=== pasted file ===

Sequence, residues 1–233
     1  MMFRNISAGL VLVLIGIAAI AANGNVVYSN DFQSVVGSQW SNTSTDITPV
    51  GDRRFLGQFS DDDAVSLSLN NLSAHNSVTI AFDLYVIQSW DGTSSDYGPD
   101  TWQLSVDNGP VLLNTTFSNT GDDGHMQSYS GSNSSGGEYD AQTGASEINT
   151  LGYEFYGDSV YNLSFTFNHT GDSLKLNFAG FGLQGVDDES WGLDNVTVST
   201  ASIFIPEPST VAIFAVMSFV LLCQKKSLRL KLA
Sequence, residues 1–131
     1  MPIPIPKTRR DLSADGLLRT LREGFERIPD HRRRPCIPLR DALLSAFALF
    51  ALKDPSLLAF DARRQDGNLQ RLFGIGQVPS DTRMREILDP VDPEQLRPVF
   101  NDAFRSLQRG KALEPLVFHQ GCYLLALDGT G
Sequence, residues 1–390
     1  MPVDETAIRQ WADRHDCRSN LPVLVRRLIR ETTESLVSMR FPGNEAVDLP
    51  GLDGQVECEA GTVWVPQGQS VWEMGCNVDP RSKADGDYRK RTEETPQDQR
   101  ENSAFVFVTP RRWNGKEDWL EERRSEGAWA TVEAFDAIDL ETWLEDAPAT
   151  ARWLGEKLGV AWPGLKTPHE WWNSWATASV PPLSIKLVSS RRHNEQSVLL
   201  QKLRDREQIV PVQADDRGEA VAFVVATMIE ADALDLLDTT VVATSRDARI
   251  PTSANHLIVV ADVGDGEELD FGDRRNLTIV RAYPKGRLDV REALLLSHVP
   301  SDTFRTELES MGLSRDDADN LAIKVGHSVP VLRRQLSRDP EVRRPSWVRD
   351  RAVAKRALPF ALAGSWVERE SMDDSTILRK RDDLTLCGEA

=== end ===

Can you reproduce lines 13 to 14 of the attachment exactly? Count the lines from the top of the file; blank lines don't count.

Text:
    51  GLDGQVECEA GTVWVPQGQS VWEMGCNVDP RSKADGDYRK RTEETPQDQR
   101  ENSAFVFVTP RRWNGKEDWL EERRSEGAWA TVEAFDAIDL ETWLEDAPAT